Boxing

Michael Conlan will enjoy every minute of debut at Madison Square Garden

Michael Conlan arrives in New York for his professional debut against Tim Ibarra at Madison Square Garden
Andy Watters

It's dark, cold and wet here. How are things with you?

“Haha. I'm just chilling out before I head to training. It's lovely at the minute. Nice and sunny.”

I've seen the footage of you punching like a mule – you look strong and fit. You're enjoying life and training?

“I'm enjoying everything. It's a great lifestyle over here and you've got really good work at the same time. It's tough, but it's definitely worth it.”

Talk me through your training regime.

“Monday, Wednesday and Friday I spar at 9 or 9.30am so I'm up early, I have my breakfast and head to the gym. I do about two hours and then I go home and get my lunch. Shauna has it ready for me, so it's brilliant.”

You're a lucky man?

“Haha. I'm very lucky, definitely.”

Keep going about your training regime.

“I get my lunch and then chill out for a while and then I do a second session whether it be running or sprints. Sometimes I just rest because sparring has been that tough.

On a Tuesday and Thursday I'm up at half five to be at the gym for six fir my strength and conditioning.

Tuesday is strength, Thursday is conditioning. I get that session done and then I'm back in the gym at 12.”

You saw plenty of the world as an amateur. Is this what you expected as a pro?

“I just focus on boxing really and everything else is a bonus.

“I'm out here and living a life that I wouldn't be living back home. I wake up in the morning and… I live on the marina, right beside the beach so it's a nice life. It's comfortable and enjoyable. You're always happy, it's like Sunday every day here and it's easy to get on with life.”

There are world champions at the Rock Gym like Oscar Valdez and Jessie Magdaleno… Did you have to prove yourself when you went in there?

“Yes, definitely.

“There's always going to be questions asked when there's so much hype about a person coming in and I knew that I definitely had to prove myself in the gym when I came over.

“I knew I could do that and I stamped my authority in sparring and in training and I showed that I'm dedicated 100 per cent to what I want to be – a multiple-weight world champion. I still have a long, long way to go, I'm nowhere near the finished article and won't be for a long time, or a while anyway.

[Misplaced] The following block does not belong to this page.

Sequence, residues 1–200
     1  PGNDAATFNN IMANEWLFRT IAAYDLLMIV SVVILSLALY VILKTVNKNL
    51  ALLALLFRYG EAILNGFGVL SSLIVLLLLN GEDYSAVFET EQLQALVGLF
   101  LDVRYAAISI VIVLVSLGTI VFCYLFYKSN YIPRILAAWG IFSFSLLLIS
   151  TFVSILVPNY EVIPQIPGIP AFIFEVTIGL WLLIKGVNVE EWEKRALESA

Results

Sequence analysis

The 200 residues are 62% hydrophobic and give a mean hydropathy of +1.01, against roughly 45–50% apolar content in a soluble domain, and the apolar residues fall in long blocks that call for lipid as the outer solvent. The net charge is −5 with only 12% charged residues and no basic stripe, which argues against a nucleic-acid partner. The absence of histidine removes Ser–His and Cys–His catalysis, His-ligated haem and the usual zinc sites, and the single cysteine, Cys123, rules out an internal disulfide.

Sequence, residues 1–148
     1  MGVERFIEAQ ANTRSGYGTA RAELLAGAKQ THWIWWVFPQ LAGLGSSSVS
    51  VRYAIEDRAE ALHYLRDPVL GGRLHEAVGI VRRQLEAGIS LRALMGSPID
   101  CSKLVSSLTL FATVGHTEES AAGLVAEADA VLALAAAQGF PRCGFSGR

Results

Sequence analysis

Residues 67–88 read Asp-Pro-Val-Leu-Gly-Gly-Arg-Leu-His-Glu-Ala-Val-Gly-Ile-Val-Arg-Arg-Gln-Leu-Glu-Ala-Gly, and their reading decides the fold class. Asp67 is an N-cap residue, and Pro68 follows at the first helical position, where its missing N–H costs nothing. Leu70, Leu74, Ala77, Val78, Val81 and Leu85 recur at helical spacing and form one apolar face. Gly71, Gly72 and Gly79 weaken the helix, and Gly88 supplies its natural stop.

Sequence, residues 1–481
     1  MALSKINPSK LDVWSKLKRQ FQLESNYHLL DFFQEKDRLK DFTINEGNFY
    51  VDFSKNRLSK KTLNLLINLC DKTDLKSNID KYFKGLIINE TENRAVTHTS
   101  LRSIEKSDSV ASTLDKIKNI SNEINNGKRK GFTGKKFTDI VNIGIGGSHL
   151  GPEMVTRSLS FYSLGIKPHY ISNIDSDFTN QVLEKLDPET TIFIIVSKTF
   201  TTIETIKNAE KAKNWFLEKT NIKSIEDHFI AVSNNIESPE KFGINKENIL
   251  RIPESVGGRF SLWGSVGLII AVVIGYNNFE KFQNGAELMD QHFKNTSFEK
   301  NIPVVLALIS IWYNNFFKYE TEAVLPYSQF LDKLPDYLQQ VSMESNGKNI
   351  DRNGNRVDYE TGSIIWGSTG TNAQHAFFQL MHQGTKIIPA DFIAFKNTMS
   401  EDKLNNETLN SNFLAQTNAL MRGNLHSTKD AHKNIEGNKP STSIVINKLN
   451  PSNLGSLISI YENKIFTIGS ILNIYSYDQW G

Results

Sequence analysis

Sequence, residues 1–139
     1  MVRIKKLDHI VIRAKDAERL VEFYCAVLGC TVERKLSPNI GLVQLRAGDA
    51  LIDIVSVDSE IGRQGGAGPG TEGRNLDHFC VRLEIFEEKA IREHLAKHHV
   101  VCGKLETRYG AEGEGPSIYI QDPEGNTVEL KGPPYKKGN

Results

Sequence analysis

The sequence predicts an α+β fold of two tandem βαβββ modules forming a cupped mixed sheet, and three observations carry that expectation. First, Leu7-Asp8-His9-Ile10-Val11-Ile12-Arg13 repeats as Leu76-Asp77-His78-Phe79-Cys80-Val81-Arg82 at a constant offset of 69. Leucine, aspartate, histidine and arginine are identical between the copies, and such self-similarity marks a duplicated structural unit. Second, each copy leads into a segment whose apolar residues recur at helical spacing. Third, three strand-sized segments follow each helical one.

“I haven't had my first professional fight yet. I'm getting it at Madison Square Garden and it's a good start, a good springboard for the future and I'm looking forward to it.

“I know I have the ability and the dedication to go all the way.”

Manny Robles is working you hard. What's it like to work with a globally renowned coach like him?

“Working with him and hearing the praise that he is giving me means a lot.”

Does he give you a kick up the backside too?

“Oh yeah. He's not a guy who's going to lick your arse or let you away with anything.

“He'll tell you what you're doing wrong and he'll tell you what you're doing right and if you're doing something wrong he'll give you a telling off.

“He's not the kind of guy to let something go.”

What has he pulled you up on?

“There'd be a lot of things - my workrate, not taking time between shots, not focussing on power at times…

“There's a big difference in the amateur style and the professional style. It took me a while to adjust because I was such a good amateur and I'd been amateur for so long.

“I was stuck in the amateur system for a while when I first came over but Manny was on the ball with me. He was always on to me when I did something wrong and telling me.

“We fix things but there's still a lot of work to do. I'm no way the finished article yet. I'm definitely improving but I've still got a long way to go.”

You start against Tim Ibarra on St Patrick's Day?

“I've watched a wee bit of him on YouTube and I know he's going to come to fight. He has something to prove, he's getting on to the big stage and if he can upset me he will take off.

“He'll definitely go for it, he's not going to come in and just lie down. I'm expecting the best Tim Ibarra there's ever been.”

Your good friend Paddy Barnes had a debut to forget against an opponent who was disqualified last year. I'm sure he just wanted to get it (his debut) out of the way though. Do you feel the same about your first fight?

“I'm going to enjoy it and I'll savour it for the rest of my life.

“You only get one professional debut and if you're making a professional debut like mine you have to make the most of it. I'll enjoy every moment of it and not just let it float by and just get on with it. I want to enjoy the full thing.”

You know all about Madison Square Garden and it's history. Ali and Frazier, LaMotta v Robinson, Louis v Marciano… What does it mean to you to follow in those footsteps?

“It's unbelievable and I'm very grateful. I thank my team, my management team and my promotional team because without them it probably wouldn't be possible.

“I don't think if I had signed with any other promotional set-up I would be making my pro debut on St Patrick's Day in Madison Square Garden

“It's an absolute honour and I know the history, I know the fighters who have fought there and I'm very, very grateful to have the opportunity to fight there myself.”

Who do you see in your future? Carl Frampton? Lee Selby? Leo Santa Cruz?

“That's all in the future and it's definitely something that I do want in the future but I have to get this first one out of the way and get the work done.

“I'm definitely reaching for the stars. I want to fight all the best fighters – every one of the fighters you named I would love to fight in the future. If they have belts then I'd definitely want to beat them.”

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